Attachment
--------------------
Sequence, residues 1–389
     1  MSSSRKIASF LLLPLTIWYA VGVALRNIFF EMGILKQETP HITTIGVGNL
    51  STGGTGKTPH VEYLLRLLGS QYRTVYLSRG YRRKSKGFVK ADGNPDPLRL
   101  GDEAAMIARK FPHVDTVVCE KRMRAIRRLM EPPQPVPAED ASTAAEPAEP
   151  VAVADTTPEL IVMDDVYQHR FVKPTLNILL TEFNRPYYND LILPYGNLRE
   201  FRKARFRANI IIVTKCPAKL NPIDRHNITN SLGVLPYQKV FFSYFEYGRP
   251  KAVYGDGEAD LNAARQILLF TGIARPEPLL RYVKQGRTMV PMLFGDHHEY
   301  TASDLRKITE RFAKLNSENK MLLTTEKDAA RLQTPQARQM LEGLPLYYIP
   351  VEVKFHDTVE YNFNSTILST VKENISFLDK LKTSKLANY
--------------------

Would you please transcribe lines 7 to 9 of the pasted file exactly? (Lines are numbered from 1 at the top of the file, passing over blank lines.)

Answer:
   251  KAVYGDGEAD LNAARQILLF TGIARPEPLL RYVKQGRTMV PMLFGDHHEY
   301  TASDLRKITE RFAKLNSENK MLLTTEKDAA RLQTPQARQM LEGLPLYYIP
   351  VEVKFHDTVE YNFNSTILST VKENISFLDK LKTSKLANY